Clouds of birds feeding off the rich waters

Clouds of birds feeding off the rich waters with the whales

I did take my daughter Lena and her friend out the next day. There was a lot of wind but we saw many whales feeding again all in front of Michael’s house up and down the beach close to shore! All quite remarkable. I do feel a powerful affinity and animation with these gentle and majestic giants.

Of course many ocean kayakers have had the great pleasure of being in the presence of various species of whales and other marine mammals. It’s part of the magic and mystery of open ocean kayaking. But I think my experience is unique. A humpback whale did breach last October in Monterey Bay and land on a double kayak, startling but not injuring the two paddlers who were on a tour to view the profusion of whales in the bay last summer and fall. But so far no one has reported being bitten by a whale.

Why do whales bite?

Why do whales bite?

I have enjoyed the various explanations put forward by the many people I have shared this experience with, from ”spiritual totem with mystical implications” to “gee, what did you think would happen if you followed them around while they were feeding?” to “must have been a male protecting the female and her young” or “your white boat in the not clear water looked like a ball or school of fish”. So please create your own explanation for what happened to me or better yet, paddle and maintain a safe distance, and revel in the presence of these magical marine mammals yourself. Then support or continue to support marine conservation NGO’s that are seeking to protect and enhance the future of marine mammals and ocean ecosystems around the world so we can always have the possibility of this miraculous experience happening to anyone (the experience of paddling with whales, not the bite!)

One of the great privileges of sea kayaking is the opportunity to witness such miracles.

One of the great privileges of sea kayaking is the opportunity to witness such miracles.

Lessons Learned

Paddling in a skirted kayak can reduce the possibility of having one’s legs pinned onto the deck of a kayak by a lunge feeding whale (but I love my X-15!)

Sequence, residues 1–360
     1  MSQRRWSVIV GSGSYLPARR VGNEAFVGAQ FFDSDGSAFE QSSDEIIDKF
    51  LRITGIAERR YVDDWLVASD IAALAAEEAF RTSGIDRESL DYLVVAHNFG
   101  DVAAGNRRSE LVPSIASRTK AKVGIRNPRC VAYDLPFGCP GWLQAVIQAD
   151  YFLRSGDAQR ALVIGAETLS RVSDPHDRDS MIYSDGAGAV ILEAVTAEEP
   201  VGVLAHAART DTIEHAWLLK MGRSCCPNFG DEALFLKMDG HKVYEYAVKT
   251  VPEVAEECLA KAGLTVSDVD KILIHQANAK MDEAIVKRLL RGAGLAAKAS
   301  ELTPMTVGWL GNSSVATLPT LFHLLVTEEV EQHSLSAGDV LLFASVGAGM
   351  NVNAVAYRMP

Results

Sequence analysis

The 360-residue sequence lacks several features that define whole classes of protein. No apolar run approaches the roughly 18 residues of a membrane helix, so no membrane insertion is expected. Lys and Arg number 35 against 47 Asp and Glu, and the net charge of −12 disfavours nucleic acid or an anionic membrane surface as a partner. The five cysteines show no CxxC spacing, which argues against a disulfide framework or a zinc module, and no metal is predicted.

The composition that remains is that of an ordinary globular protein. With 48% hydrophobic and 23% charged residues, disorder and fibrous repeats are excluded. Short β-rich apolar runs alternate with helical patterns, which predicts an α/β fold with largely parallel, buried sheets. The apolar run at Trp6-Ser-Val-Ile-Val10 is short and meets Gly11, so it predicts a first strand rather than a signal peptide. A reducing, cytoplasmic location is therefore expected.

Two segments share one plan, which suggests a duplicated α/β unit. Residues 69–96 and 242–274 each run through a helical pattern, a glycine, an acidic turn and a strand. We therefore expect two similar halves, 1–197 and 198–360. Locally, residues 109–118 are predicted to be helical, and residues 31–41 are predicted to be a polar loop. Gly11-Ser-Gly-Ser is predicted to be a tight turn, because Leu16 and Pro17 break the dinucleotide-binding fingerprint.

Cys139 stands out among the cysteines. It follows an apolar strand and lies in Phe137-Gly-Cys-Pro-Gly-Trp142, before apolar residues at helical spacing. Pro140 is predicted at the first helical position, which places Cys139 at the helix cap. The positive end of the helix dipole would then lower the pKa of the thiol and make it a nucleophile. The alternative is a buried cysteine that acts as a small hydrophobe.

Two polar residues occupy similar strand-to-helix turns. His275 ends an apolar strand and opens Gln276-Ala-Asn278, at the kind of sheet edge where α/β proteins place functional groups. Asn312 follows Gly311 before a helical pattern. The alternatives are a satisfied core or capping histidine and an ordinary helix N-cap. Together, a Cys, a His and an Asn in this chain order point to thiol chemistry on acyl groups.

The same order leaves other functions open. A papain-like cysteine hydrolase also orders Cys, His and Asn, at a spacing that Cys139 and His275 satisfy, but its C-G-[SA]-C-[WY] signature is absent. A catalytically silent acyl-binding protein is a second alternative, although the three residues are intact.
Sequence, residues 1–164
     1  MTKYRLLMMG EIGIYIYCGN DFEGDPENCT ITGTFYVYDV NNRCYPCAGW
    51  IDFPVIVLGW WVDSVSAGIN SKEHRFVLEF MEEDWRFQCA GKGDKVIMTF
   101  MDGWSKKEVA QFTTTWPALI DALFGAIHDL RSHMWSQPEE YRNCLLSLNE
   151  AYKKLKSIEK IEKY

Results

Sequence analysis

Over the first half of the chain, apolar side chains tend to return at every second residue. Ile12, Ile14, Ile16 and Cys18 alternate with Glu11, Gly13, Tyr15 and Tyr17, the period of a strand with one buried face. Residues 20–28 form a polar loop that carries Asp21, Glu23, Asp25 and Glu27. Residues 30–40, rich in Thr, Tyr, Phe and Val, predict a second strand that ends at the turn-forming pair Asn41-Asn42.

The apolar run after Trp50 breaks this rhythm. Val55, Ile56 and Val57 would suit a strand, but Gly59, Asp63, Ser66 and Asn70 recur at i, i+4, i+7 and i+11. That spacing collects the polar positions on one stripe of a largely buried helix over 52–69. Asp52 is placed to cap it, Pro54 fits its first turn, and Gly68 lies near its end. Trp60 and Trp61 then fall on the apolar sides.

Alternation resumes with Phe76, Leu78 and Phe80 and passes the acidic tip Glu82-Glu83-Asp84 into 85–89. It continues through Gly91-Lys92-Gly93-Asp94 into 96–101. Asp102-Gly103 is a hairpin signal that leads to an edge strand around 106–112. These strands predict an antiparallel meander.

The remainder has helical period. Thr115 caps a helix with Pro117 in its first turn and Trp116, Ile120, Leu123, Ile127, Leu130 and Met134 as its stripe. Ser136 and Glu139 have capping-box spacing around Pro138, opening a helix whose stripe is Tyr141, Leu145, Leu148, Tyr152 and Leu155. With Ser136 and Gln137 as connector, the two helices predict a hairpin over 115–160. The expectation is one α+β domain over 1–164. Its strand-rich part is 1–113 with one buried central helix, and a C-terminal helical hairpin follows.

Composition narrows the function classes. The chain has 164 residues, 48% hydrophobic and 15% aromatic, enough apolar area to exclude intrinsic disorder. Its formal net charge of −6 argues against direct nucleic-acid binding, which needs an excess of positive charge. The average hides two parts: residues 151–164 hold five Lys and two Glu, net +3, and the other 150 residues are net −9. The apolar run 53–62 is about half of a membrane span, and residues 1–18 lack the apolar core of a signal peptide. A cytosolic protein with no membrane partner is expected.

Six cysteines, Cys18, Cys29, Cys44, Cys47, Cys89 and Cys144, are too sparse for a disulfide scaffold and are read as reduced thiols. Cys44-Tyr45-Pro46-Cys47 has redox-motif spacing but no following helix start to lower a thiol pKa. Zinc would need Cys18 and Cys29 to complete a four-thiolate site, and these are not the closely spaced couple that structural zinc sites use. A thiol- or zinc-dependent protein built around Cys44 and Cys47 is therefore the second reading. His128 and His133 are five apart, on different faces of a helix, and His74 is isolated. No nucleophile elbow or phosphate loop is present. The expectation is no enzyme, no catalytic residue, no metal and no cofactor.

Paddling among whales is likely safer when they are not lunge feeding or breaching. When they are lunge feeding it is wise to allow even more than the 100 yards of distance required by the Marine Mammal Protection Act.

Question: I wonder if my white kayak in murky water may have looked like a fish ball or school of shimmering fish, so maybe darker kayaks are less likely to attract a lunge feeding whale? Are dark kayaks safer?

Don’t watch movies like “The Shallows” (which I did the week before the event) before having a whale engage you and your kayak in a case of mistaken identity. This movie shows a very persistent great white shark chewing up metal buoy. To a kayaker, it’s unnerving.

Finally, as member of the Tsunami Rangers I have been trained in a variety of ocean kayaking skills and have always been taught that anything can happen on the ocean. But I have not found an account of this sort by a kayaker in the literature yet. I did however, find a video of two divers who were nearly swallowed by two large adult lunge feeding humpbacks, missing then by a few feet only a couple of yards from their boat.

I have a deep respect for these majestic marine mammals. I have no desire to cause them any stress as they enjoy the richness of the waters around Half Moon Bay. In the future I will stay back well beyond the 100 yard limit, and I will exercise even more caution when they are lunge feeding!

Want to see some video footage of this amazing event? Check it out at: and feel free to share your close encounters with marine mammals below!